Somaye Fatahi, Mostafa Qorbani, Pamela J Surkan, and Leila Azadbakht. 2021. “Associations between Dietary Acid Load and Obesity among Iranian Women.” Journal of Cardiovascular and Thoracic Research 13 (4): 285–97.

Other studies referenced:

Frassetto, Lynda, Tanushree Banerjee, Neil Powe, and Anthony Sebastian. 2018. “Acid Balance, Dietary Acid Load, and Bone Effects—a Controversial Subject.” Nutrients 10 (4): 517.

Hejazi, Ehsan, Hadi Emamat, Maryam Sharafkhah, Atoosa Saidpour, Hossein Poustchi, Sadaf Sepanlou, Masoud Sotoudeh, et al. n.d. “Dietary Acid Load and Mortality from All Causes, CVD and Cancer: Results from the Golestan Cohort Study.” British Journal of Nutrition, 1–7. Accessed February 4, 2022.

Krupp, Danika, Jonas Esche, Gert Mensink, Stefanie Klenow, Michael Thamm, and Thomas Remer. 2018. “Dietary Acid Load and Potassium Intake Associate with Blood Pressure and Hypertension Prevalence in a Representative Sample of the German Adult Population.” Nutrients 10 (1): 103.

Louise, Jessica C Kiefte-de, Nicole S Erler, Robert, Ewout J Hoorn, M. Arfan Ikram, Harry L.A. Janssen, Herold J Metselaar, Oscar H Franco, and Sarwa Darwish Murad. 2019. “Diet-Dependent Acid Load—the Missing Link between an Animal Protein–Rich Diet and Nonalcoholic Fatty Liver Disease?” 104 (12): 6325–37.‌

Mazidi, Mohsen, Dimitri P. Mikhailidis, and Maciej Banach. 2018. “Higher Dietary Acid Load Is Associated with Higher Likelihood of Peripheral Arterial Disease among American Adults.” Journal of Diabetes and Its Complications 32 (6): 565–69.

M Storz, W Martínez-López, J Calderón, and W Golomar. n.d. “HIGH DIETARY ACID LOAD IS ASSOCIATED with PROSTATE CANCER RISK: AN EPIDEMIOLOGICAL STUDY. This Work Is Licensed under a Creative Commons Attribution-NonCommercial-ShareAlike 4.0 International License.”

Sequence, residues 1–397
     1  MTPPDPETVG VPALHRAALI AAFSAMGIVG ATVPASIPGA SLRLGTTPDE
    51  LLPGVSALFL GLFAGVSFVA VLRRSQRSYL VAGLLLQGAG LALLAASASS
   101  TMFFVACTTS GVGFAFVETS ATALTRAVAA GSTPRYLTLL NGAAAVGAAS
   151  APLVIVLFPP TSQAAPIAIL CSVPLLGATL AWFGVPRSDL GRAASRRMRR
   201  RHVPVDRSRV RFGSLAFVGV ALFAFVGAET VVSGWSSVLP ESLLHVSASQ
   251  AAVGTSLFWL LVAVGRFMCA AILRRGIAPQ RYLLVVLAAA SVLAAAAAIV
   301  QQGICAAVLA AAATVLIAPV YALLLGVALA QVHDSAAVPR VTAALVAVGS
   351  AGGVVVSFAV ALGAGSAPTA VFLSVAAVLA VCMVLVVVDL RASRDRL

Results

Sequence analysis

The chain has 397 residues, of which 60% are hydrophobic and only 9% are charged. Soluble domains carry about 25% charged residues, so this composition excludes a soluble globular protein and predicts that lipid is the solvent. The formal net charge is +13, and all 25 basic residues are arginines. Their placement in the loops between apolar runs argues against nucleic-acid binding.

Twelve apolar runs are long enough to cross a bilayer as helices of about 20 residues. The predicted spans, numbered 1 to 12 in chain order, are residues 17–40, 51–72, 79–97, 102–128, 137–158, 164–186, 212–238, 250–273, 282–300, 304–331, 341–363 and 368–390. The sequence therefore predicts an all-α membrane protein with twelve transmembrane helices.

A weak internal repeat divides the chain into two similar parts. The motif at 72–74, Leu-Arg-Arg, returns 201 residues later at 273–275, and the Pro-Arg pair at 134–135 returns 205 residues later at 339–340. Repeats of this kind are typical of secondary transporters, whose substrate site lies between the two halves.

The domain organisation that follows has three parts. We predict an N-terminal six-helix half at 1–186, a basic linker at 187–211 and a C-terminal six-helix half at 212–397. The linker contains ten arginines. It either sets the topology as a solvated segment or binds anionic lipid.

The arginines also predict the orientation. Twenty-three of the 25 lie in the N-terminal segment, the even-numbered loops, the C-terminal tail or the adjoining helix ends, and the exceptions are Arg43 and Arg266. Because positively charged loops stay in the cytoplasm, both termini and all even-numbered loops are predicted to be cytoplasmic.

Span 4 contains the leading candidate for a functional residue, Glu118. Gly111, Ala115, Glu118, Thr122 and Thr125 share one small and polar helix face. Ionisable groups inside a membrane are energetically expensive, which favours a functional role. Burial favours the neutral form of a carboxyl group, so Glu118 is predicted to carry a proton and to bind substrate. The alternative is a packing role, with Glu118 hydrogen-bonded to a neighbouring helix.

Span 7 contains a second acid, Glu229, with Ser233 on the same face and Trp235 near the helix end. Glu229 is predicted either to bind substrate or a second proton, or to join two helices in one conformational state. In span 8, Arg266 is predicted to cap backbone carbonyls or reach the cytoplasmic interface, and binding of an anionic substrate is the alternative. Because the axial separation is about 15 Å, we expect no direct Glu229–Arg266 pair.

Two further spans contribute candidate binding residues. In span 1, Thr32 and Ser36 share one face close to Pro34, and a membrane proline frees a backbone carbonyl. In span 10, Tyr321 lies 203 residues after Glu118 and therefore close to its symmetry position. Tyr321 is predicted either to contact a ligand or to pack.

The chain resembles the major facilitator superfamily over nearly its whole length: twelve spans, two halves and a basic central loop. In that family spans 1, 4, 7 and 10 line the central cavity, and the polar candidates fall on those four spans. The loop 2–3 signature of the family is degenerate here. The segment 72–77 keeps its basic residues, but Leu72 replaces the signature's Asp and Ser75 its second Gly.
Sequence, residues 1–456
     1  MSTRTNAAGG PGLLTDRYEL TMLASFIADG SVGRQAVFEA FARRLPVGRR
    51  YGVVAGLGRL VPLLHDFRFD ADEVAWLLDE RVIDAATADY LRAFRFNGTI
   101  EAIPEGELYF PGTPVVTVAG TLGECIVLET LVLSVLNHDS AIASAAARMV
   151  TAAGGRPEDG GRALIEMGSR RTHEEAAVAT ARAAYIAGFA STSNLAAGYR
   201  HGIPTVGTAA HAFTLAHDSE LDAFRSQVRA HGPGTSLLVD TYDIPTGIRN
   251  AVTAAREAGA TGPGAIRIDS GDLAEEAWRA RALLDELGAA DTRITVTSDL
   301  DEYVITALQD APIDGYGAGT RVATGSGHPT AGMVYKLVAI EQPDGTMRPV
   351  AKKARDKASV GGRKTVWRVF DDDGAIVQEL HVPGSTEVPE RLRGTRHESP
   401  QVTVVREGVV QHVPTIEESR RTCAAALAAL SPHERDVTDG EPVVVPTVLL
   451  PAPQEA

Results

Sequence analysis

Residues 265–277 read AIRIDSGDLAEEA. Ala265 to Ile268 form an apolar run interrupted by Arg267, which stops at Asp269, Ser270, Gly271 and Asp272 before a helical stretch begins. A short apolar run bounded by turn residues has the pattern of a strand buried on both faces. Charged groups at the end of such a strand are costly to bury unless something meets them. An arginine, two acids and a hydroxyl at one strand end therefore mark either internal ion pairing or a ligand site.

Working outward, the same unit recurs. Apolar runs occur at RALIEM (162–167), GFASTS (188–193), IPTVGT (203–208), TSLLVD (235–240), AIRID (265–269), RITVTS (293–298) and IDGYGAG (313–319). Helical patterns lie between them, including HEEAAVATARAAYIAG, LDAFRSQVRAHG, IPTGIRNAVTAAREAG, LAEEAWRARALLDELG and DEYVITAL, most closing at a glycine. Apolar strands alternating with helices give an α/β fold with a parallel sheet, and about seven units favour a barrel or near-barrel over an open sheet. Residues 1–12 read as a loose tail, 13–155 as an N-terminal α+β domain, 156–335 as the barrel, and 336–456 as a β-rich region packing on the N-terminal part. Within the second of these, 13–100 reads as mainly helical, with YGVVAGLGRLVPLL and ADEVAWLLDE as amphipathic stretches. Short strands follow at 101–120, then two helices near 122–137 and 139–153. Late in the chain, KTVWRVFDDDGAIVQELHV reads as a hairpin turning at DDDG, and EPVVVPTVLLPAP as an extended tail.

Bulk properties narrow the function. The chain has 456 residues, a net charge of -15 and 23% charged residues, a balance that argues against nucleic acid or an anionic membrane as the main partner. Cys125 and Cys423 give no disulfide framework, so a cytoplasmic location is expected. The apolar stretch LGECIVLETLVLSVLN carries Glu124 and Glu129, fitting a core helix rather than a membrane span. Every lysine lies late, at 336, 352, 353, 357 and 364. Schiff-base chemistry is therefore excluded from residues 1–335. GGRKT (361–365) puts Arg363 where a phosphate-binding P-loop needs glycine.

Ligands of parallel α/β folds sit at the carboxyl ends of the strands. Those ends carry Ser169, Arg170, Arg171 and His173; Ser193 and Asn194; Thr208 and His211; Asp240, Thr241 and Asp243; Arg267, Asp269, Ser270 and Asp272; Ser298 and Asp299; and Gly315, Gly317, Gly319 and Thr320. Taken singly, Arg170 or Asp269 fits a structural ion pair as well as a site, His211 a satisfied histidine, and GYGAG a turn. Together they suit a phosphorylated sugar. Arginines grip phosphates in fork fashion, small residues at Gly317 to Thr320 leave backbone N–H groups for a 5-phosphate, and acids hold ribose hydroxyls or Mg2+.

Naeini, Zeinab, Faezeh Abaj, Zahra Esmaeily, Ehsan Alvandi, Masoumeh Rafiee, and Fariba Koohdani. 2022. “A Nutrigenetic Approach to Investigate ApoB EcoR1 Polymorphism–Dietary Acid Load Interactions on Lipid and Anthropometric-Related Outcomes in Adults with Dyslipidemic Type 2 Diabetes.” Lifestyle Genomics, December.

Passey, Caroline. 2017. “Reducing the Dietary Acid Load: How a More Alkaline Diet Benefits Patients with Chronic Kidney Disease.” Journal of Renal Nutrition 27 (3): 151–60.

Ronco, Alvaro Luis, Wilner Martínez‐López, Juan M. Calderón, and Maximilian Andreas Storz. 2022. “Dietary Acid Load and Esophageal Cancer Risk: A Case‐Control Study.” Thoracic Cancer 13 (19): 2759–66.

Ronco, Alvaro, Maximilian A. Storz, Wilner Martínez-López, Juan M. Calderón, and Wilson Golomar. 2022. “Dietary Acid Load and Bladder Cancer Risk: An Epidemiologic Case-Control Study.” Multidisciplinary Cancer Investigation 6 (2): 1–12.